This section from Shiping to Honghe is the second instalment of my bicycle ride from Yunnan to Cambodia – if all goes according to plan. Titled “Slap the Belgian!”, it is simultaneously published on, where you’ll find a map with the itinerary and many other bicycle diaries by me and others. I hope you’ll enjoy.

Shiping west gate
Shiping old town’s majestic West gate

I awake from a deep and long sleep with a little “woah” – first time I can remember me doing this, really. It isn’t painful, but I think this is what time travel should feel like. I feel fully recovered. Somewhere in another dimension, little blue beings with funny faces have restored my body. I mess around in my room for another hour or so because I’m sure outside it’s still grey. A mistake: when I open my curtains, a weak little disc makes respectable attempts at piercing through the thick layer of clouds. (more…)

This section from Tonghai to Shiping is the first instalment of my bicycle ride from Yunnan to Cambodia – if all goes according to plan. Titled “Slap the Belgian!”, it is simultaneously published on, where you’ll find a map with the itinerary and many other bicycle diaries by me and others. I hope you’ll enjoy.

Today’s the big day. I haven’t noticed. With every tour I do, I grow more and more lax with the planning and I’m more and more confident in myself. This is going to end badly some day. Until then, I’ll just be blissfully happy.

My body thinks differently about it, though. Knowing that something was up today, it woke me up at 6am despite having been drinking until 2am. I snoozed another hour until I really couldn’t stand the alarm sound coming from my oh-so-unreachable desk and got on my feet. Switching off the main breaker, I left my building and headed for the train station, where I hoped to catch a ride on the new line to Tonghai 通海 (“linking lakes”).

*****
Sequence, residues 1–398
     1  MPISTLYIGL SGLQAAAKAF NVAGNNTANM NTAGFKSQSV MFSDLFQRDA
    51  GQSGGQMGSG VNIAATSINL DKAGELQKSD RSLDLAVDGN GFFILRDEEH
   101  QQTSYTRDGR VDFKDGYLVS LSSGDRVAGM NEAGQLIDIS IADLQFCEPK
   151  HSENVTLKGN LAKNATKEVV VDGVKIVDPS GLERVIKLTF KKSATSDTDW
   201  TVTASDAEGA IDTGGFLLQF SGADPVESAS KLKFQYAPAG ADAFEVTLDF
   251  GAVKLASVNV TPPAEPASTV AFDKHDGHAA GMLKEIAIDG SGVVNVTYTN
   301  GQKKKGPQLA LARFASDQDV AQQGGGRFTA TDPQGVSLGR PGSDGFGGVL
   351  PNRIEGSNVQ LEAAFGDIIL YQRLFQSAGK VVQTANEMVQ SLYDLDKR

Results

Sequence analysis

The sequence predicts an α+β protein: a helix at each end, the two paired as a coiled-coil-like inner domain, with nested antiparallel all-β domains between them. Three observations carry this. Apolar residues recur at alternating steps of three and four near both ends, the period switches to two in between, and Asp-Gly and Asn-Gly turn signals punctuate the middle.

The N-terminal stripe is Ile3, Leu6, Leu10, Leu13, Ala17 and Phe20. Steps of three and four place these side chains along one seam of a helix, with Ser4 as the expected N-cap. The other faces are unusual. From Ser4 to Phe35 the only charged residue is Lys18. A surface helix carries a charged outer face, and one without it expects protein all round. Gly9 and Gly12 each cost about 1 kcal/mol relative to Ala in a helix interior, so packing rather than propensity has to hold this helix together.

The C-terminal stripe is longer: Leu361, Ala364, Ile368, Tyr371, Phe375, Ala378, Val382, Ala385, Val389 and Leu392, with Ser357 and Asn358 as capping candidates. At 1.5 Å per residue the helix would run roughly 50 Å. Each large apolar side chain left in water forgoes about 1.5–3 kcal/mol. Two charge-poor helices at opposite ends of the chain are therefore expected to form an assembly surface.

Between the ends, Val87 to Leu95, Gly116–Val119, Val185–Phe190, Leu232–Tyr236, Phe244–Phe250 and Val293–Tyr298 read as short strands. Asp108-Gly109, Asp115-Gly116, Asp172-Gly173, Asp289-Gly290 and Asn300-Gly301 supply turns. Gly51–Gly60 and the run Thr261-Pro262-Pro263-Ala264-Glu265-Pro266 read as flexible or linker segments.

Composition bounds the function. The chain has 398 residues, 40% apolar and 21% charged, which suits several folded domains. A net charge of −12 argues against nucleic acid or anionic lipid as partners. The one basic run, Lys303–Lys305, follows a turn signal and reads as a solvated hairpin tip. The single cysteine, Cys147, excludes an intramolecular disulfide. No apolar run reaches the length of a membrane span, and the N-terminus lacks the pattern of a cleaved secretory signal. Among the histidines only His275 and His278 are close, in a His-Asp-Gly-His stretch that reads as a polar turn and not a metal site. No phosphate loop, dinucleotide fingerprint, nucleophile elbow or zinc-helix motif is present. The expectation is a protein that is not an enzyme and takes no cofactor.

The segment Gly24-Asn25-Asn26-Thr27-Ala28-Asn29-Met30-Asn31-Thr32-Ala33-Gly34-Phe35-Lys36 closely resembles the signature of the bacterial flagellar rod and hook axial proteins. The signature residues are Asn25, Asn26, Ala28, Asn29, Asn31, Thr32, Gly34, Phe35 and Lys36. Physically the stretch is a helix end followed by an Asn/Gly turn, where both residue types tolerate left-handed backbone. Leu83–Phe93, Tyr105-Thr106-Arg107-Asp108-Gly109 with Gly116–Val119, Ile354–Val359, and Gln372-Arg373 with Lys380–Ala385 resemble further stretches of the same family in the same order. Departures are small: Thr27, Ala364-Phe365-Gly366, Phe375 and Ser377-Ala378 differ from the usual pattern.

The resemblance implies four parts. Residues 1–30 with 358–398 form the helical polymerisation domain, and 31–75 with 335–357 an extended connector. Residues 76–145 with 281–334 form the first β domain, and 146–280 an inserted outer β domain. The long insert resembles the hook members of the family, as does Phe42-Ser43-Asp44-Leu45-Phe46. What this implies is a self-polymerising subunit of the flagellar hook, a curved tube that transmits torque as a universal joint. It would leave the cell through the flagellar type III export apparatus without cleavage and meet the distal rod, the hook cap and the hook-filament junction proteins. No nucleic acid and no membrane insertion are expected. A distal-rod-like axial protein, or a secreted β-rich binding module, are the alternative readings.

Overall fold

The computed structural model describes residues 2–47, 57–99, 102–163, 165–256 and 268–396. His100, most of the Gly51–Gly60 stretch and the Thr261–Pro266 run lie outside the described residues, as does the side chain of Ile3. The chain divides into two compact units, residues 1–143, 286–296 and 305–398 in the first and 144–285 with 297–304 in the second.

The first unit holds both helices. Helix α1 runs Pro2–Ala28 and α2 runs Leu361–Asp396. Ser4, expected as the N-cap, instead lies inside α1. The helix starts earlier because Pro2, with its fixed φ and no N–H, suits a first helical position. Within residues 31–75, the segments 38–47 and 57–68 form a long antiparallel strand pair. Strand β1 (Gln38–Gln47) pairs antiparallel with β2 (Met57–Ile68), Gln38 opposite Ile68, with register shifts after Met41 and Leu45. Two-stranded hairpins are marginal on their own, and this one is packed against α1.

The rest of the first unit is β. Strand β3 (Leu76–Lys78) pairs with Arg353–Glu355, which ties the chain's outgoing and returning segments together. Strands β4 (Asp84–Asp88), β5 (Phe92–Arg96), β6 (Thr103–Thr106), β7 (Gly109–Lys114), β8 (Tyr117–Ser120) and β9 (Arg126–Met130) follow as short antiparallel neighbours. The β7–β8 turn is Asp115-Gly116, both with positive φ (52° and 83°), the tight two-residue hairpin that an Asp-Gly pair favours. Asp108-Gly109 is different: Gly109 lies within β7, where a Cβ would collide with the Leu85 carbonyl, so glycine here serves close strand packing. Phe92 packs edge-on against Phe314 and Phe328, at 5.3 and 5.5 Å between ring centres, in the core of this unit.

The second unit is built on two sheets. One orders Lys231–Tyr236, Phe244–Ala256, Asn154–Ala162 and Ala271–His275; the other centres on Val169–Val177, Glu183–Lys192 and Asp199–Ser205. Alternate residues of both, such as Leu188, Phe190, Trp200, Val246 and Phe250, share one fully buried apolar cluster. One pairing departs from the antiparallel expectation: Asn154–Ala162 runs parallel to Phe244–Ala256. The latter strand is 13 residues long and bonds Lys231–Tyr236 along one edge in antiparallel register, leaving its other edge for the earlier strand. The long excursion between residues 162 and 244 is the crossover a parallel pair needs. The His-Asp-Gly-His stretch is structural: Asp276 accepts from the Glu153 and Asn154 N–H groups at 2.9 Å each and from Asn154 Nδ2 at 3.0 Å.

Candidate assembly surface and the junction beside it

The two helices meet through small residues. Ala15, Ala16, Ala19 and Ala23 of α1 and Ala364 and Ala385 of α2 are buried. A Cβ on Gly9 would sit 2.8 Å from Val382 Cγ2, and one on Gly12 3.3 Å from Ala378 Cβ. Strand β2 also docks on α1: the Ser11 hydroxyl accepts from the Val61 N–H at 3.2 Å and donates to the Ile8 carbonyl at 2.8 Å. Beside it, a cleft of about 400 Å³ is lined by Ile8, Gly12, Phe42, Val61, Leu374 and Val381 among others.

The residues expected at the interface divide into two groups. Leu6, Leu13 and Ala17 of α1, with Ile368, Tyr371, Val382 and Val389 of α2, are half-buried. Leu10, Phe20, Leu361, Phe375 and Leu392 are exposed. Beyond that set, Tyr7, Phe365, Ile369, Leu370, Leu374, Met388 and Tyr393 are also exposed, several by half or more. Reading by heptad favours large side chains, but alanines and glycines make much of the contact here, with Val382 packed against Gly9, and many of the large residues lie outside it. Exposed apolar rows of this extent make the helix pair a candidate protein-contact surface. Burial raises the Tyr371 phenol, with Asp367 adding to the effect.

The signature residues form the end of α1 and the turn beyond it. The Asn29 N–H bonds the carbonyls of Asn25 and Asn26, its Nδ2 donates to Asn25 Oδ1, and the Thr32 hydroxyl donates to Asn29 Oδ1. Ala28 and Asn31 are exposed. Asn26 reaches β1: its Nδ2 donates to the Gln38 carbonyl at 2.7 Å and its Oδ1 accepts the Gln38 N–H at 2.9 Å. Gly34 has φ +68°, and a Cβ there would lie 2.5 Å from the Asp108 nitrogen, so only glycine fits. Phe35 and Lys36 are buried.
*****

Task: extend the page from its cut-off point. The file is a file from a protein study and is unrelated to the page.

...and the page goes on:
iPhone back cover with swastika

Hitler’s a bit of a hero in China. No-one seems to fully understand what he’s done, or maybe his cruelties just pale before what other despots have done in, say, China. So it’s common to see references to Nazism in the streets of Kunming, and indeed elsewhere in China.


27 November 2013

Kunming’s new metro system is slowly but surely taking form. It’s unlikely it will have been worth the nuisance or the money.

Kunming Rail Logo
Kunming Rail Logo

There’s something to be said for metro systems. They’re clean, fast and almost entirely invisible from above the ground. For large yet space-strapped cities like New York or Hong Kong, they’re the only efficient public transport solution. In other cities, such as Berlin, there simply wasn’t any other mass transit technology available when it was built.

But for smaller and more modern towns with loads of space, like Kunming, the question arises whether a metro is the right solution. Is the Kunming Metro really a worth the pain? Or is it just another China mess, in which politicians vying recognition from Beijing ruin entire cities with prestige projects?


26 November 2013

Radio 5 NederlandIn the meantime, the folks over at Ikon have uploaded last Sunday’s radio show about homosexuality onto their website. It includes my contribution about the Chinese gay scene. The show is called De (Ver)Ander(d)e Wereld (“The chang(ing/ed) World”) and you can listen to it on-line. The report comes in at about 41 minutes.

I hope you enjoy it, and you can read the full article on my blog if you want to read more about being gay in China.

The background music used by the radio editors is 三十年 (“3 decades”) by Yunnan-born 山人乐队 (“Shanren (Mountain people) band”).

Some people have been wondering what air pollution looks like in real life, so I decided to snap some pictures from my window. I live on the 31st floor on busy Beijing street and my window points north to Snake mountain 长虫山. At different times of day, I get a good idea of what pollution looks like, and I’d like to share.

Air quality is expressed in AQI (Air Quality Index), and our first picture shows a pretty much haze-free, beautiful clear day. The (American) AQI index is at 39, and you can easily distinguish detail on the mountains at the horizon. The recommendation is to do anything you like. At the bottom of the picture you can see one of the culprits of much of Kunming’s current pollution: the construction of a city-wide underground rail network. Another polluter runs straight through the picture: the traffic on Beijing street. With Kunming greatly encouraging car ownership, and cars generally using dirtier fuel than elsewhere in the world, the pollution peaks at 6-9am, when everyone wants to go to work, and at 4-6pm, when everyone gets back. Other polluters, like factories and coal plants, are not visible here.